~wiz
 

sourabh0990

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So I had a topic for a blog I was thinking about writing, and i want some honest opinion's on what you all think entails making a great website and the best way to "build" it. Color scheme's etc, also I'm looking for the big no no's. What shouldn't go on a site under any circumstances. Thanks for your input I greatly appreciate it.
Thanks a lot for sharing such a great information. It is really useful.
 

documax1

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I enjoy functionality in any website I browse. An obvious factor to any website should be the user-experience. Is the website user-friendly? Is it achieving the purpose it was made for? Those are two important aspects of any website.
 

jopraise

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Thank you, How do I get started doing this? I have never had a website before and this is my first one. So I'm open to any ideas. Thank you again!


1. Content
2. Content
3. Content

Give me a reason to visit your site and then keep coming back.
Glitz and sparkle won't do it for me.

4. Ease of Navigation

I shouldn't need a treasure map to figure out where to find things on your site

5. If it's a blog, do not have 43 posts on your front page, all with images

Latest 5, maybe a menu with posts sorted by topic, rating, month, etc

6. Easy on the Slide shows and Flash

If the page takes a long time to load, I'm heading elsewhere.

7. Design for your target audience

Some audiences call for a dark theme, others bright and festive. JavaScript effects work well for some, are lost on others.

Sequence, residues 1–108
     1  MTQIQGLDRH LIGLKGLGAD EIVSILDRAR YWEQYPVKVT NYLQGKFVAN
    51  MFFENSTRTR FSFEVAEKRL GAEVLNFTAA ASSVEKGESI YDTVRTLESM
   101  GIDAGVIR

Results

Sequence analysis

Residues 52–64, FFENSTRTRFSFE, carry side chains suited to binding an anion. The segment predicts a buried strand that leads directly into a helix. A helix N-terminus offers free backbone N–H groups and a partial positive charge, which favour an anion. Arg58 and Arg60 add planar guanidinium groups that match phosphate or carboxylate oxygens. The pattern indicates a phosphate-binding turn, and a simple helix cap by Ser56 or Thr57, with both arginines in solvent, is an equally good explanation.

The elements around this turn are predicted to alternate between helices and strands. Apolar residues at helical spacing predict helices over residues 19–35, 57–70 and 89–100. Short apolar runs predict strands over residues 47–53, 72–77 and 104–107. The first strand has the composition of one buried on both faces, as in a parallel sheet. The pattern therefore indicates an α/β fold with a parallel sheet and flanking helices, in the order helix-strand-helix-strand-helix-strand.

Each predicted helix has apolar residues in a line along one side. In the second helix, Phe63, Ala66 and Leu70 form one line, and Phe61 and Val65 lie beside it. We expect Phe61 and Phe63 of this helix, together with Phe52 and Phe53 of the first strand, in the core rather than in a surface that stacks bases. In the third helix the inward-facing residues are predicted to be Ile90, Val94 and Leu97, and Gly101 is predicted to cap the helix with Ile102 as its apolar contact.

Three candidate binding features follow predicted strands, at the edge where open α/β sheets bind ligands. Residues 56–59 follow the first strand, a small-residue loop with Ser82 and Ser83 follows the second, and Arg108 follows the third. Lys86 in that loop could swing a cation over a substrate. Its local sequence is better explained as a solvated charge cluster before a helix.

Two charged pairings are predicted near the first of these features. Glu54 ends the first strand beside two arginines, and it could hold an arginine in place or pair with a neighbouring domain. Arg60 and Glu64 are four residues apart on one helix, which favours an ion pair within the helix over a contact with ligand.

8. Easy on the Ads

I understand the need to monetize a site, but if the front page is 70% ads, Goodbye.

9. Thumbnails

Do not use the browser to shrink a 600x400 image to 120x80. Use Photoshop/GIMP to shrink/compress them.

10. Works in different browsers.

Test in IE, Firefox, Chrome, Safari and Mobile.[/quote]
 

fretwizz

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At the risk of being redundant, (a thing you don't to do with your content to any great extent) I'd amend the previous first 3 points to:
1. Content
2. Fresh Content
3. Fresher Content
 

jopraise

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I understand, but however I am new here and have never had a or started a website before. This is all new to me that is why I was asking for tips and instructions on what to do. Please forgive me if I made your post sound redundant as I have never created a website before. Thank you!
 

fretwizz

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I think using the resources at places like Google to build your site are actually more important than the color, design, etc. Obviously, if it looks shabby it will obviously have a negative affect on the visitor but if it has nothing on it to keep them coming back it will fail. To answer the question: What shouldn't go on a site under any circumstances?
Useless fluff presentation methods that don't really present anything of value to anyone. Packing too much (overworded) content in without considering any visual appeal is also bad. The balance between well written content and its presentation, when done properly, will leave the user with a very positive attitude about you, your business, etc., which is the reason for having a site.
 

anamik.maju44

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Before you create a site, you have to do proper planning, like, which content to put on which part of the site. This is a very important task. Moreover, you must know that the website should be informative with eye-catching images. Colour combination matters as well. These are the basic things which you have to do in order to make your site better. A site is called GREAT when it has great contents, images etc. You can even add some navigation buttons. Animated buttons are even more attractive. As I told you, planning is very important and keep working on your site until you are satisfied with your site design. After creating a great site, you have to promote it. So that, most of the internet users get to see your site.